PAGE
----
It was a cold morning as we pushed our bikes out of the small apartment in Kolkata. A low fog hung over the city and stretched over the Hooghly River and across the Maidan. We were fresh off three weeks away from the bikes and so it was a bit daunting getting back into the saddle. Colourful trucks roared past us as we pedalled our way over the bridge and onto the northern side of the banks. Visibility was poor, and smoke billowed from roadside fires and truck exhausts. The smell of burning plastic stung our nostrils as we began to get into rhythm.
We pulled into a small highway petrol station to snack on some muesli bars we’d stocked up on the night before. It was getting colder as we got further from the city. Not long after we parked the bikes against the side of a roadside building, a small group of young men began to crowd around. The crowd grew and stood motionless and close by, staring at us and the bikes. With the presence of the crowd growing ever more noticeable, we took to the bikes again and pushed off into the foggy morning.
The ride up West Bengal continued in much the same fashion. We stopped regularly for breaks in the small chai shacks that lined the roadside. Large piles of rubbish were always burning, and locals—with scarves drawn around their necks to ward off the cold—stood around rubbing hands together for warmth. A crowd would amass every time we stopped; we quickly learned to not give it a second thought. The fields to either side of the road were a yellow wash of mustard flowers, although most of the time we were enveloped in a tunnel of fog. Each night we stopped and parked the bikes in a beat-up hotel. We’d wander out onto the dusty streets and find some tiny restaurant, where we’d try and keep a low profile as we ate our thali plates.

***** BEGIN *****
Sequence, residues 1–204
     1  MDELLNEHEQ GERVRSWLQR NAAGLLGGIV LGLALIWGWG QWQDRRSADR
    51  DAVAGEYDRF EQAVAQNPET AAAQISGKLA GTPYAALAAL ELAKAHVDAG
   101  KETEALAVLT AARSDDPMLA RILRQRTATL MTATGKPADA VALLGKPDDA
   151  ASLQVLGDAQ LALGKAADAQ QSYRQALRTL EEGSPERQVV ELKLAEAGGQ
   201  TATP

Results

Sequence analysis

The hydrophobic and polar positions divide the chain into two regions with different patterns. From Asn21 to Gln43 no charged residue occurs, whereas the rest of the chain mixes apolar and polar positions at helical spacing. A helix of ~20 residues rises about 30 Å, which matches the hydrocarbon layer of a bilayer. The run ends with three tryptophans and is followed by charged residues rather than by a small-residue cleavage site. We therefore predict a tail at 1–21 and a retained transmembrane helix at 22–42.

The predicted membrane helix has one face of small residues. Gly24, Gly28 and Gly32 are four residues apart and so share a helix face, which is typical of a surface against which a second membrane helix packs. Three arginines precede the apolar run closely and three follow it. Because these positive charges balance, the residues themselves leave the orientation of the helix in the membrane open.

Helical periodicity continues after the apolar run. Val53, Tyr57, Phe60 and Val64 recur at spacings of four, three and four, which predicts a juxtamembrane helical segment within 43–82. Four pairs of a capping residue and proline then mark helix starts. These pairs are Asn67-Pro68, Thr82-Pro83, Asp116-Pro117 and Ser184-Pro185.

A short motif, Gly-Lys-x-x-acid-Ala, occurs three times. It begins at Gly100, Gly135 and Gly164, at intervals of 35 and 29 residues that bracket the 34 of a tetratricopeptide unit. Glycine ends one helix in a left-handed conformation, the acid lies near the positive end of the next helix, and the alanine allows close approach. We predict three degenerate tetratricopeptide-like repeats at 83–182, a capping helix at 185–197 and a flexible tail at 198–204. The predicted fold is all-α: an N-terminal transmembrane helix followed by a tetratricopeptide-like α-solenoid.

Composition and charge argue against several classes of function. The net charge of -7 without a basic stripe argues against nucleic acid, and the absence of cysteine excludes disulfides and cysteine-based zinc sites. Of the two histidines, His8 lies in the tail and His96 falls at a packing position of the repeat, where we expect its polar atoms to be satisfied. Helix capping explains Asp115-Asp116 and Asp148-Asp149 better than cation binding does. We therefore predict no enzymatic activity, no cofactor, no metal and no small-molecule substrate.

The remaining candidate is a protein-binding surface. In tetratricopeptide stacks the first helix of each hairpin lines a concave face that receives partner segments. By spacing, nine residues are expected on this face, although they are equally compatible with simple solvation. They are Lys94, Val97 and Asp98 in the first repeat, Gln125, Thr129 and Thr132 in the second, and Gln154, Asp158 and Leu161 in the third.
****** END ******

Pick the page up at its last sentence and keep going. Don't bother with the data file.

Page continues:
After six days of riding we arrived at the border town near Siliguri. Tea plantations lined the roads as we pedalled towards the bridge separating India from Nepal. We enjoyed one last chai on the roadside and were joined by a friendly cow who wandered inside the shop and started eating leftovers.
Masses of people were walking and cycling over the border. A little beyond the Nepalese border town we found ourselves in open spaces. Forests enveloped the road in between towns, and the rivers that poured down from the Himalayas were clear and fresh. We stopped in a small town to get cash and I noticed something was different.
“Where are the people?” I asked Sean and Arthur. Normally a crowd of people would have developed in the five minutes we’d already been stopped as Sean worked the ATM.
“There are a couple over there. Look, there are women!” said Arthur. We’d seen very few women in public in West Bengal. The crowds that developed there were solely male.
We cycled along the flatlands, known as the Terai, at the base of the Himalayas. Locals would often invite us into their homes and share food with us. A group of young teens were fundraising for a local hospital. They spoke eloquently in English and reflected the progressive ideals we were starting to see in many of the Nepalese people. The road on the Terai, for the most part, was smooth. Occasionally a truck would pass close or we would be forced off the road because of a questionable overtaking manoeuvre. We learned to deal with that and keep pedalling.
After a few days of riding we arrived at the Chitwan National Park. That night we sat outside overlooking the river and enjoyed a few cold beers. Alligators floated motionless upon the water. In the distance a rhino was bathing in the river. The forest over the river was quiet, with a low mist hanging ove. The next day, a rest day for us after ten straight days of riding, we walked 21 kilometres through the park. We encountered bears and rhinos at close range; our guides had nothing but bamboo sticks to ward them off.